Now, Congressman, I take my integrity very seriously and I did not at any time make a statement that I knew to be false or that I thought to be false in order to pump up anything. Nobody wants to go to war.

Saddam Hussein was a threat to this country. We had gone to war against him in 1991. President Clinton had gone to war against him in 1998. We were in a state of war with him. This was a cessation of hostilities, not an armistice, because let’s remember that our pilots were actually flying missions, southern watch and northern watch, and being shot at by his air defenses.

And so, I’m sorry, Congressman, because you’ve questioned my integrity, I ask you to let me respond. Now, we have learned that many of the intelligence assessments were wrong. There have been many, many investigations of that, including Senate Select Intelligence and a number of others, and we have gone to extraordinary lengths to reform our intelligence agencies so that they can make better assessments of situations in which you have nontransparent governments that will not answer the just demands of an international community that had sanctioned and had resolutions against Saddam Hussein several times.

WEXLER: Madam Secretary, if I may…

RICE: So, no, Congressman, at no time did I intend to or do I believe that I did…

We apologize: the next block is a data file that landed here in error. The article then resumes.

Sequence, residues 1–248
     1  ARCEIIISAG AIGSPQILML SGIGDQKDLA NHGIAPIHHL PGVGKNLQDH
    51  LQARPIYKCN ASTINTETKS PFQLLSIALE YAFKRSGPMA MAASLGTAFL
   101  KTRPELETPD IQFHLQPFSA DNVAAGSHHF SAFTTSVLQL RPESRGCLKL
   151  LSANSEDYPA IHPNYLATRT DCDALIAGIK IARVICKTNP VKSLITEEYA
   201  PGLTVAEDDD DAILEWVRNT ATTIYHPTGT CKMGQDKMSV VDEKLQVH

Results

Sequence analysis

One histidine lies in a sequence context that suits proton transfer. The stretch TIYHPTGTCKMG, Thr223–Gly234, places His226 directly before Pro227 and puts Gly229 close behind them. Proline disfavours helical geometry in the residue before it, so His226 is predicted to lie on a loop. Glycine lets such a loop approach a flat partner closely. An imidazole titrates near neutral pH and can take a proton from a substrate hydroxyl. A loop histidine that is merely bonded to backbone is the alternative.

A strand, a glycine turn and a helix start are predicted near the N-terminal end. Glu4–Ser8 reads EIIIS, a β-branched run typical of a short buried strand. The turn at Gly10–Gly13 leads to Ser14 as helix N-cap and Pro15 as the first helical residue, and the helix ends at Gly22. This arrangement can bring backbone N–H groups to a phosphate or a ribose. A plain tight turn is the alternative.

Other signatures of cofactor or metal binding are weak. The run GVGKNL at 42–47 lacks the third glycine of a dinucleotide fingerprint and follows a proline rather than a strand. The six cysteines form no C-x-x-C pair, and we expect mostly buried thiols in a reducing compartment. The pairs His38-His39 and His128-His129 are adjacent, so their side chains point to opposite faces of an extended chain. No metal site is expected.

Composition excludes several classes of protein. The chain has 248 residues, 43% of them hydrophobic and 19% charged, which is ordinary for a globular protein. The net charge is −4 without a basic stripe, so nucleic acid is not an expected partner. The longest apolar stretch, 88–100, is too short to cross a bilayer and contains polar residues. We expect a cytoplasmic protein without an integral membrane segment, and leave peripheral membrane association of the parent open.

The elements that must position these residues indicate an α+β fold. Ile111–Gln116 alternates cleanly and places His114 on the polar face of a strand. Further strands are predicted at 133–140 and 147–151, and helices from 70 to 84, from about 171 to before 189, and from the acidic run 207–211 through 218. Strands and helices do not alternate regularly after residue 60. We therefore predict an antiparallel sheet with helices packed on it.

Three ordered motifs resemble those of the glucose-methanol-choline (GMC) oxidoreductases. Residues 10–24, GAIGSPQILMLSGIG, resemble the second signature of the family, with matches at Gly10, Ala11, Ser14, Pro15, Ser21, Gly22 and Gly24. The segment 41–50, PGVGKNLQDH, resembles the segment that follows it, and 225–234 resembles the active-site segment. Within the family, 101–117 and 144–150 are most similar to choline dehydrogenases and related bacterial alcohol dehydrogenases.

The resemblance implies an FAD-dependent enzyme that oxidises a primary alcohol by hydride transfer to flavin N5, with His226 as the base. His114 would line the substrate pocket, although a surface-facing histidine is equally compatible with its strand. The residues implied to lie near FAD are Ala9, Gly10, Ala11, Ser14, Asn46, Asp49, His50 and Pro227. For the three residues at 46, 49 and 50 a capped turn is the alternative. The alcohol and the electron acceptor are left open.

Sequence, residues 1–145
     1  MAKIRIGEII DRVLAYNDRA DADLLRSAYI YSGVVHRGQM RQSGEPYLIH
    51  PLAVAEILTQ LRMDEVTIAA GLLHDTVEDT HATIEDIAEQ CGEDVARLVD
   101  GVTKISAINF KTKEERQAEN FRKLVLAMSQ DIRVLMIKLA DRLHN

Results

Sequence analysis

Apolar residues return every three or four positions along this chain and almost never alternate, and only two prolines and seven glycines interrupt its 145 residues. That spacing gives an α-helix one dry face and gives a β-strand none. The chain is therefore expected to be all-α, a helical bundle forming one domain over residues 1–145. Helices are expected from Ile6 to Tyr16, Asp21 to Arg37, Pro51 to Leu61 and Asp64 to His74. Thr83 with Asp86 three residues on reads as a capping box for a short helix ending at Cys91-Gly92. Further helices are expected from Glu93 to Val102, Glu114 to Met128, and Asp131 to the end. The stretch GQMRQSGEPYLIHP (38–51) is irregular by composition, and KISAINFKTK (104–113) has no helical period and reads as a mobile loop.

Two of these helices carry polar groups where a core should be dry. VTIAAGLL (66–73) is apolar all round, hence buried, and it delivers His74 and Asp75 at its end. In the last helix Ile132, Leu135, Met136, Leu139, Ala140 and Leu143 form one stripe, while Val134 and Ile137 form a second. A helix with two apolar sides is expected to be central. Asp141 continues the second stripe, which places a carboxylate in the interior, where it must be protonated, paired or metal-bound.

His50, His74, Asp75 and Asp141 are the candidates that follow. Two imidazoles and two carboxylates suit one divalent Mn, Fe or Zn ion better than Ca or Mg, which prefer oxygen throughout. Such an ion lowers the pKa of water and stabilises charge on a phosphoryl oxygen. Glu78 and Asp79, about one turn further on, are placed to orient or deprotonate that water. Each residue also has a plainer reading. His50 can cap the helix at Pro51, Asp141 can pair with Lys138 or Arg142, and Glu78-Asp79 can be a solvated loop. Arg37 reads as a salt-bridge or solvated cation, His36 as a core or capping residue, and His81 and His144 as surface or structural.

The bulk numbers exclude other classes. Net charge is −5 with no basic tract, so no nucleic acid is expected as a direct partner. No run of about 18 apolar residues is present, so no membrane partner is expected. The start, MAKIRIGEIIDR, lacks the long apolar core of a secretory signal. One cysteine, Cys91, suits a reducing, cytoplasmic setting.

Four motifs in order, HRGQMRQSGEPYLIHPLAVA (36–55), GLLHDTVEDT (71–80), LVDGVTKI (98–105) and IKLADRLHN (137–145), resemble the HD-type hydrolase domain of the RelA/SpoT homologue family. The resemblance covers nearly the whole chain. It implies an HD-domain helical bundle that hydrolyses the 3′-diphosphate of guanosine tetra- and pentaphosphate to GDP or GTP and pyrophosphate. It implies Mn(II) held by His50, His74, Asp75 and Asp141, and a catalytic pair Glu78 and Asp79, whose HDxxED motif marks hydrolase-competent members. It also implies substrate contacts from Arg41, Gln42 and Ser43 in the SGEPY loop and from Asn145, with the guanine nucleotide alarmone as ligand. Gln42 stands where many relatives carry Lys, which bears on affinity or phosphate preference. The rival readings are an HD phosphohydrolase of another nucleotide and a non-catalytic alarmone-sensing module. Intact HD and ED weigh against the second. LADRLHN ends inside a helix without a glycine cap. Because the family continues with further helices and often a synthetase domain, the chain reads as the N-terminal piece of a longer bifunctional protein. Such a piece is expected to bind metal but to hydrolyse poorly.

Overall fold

WEXLER: I simply asked…

(CROSSTALK)

RICE: … put forward false information to the American people.

WEXLER: I simply asked if you had intelligence that was contrary to the intelligence that you reported repeatedly to the American people…

RICE: Congressman, I would…

WEXLER: … that Iraq did have weapons of mass destruction.

RICE: Congressman, I would suggest that you go back and read the key judgments of 2002. I think that will answer your question.

WEXLER: Yes. And the answer to the question, Madam Secretary, is that, in fact, there were contrary reports. You chose to weigh the reports…

RICE: Congressman…

WEXLER: … that supported your…

RICE: No, Congressman…

(CROSSTALK)

… I chose to use — Congressman, I chose to use — Congressman, I’m sorry, I’m going to answer this.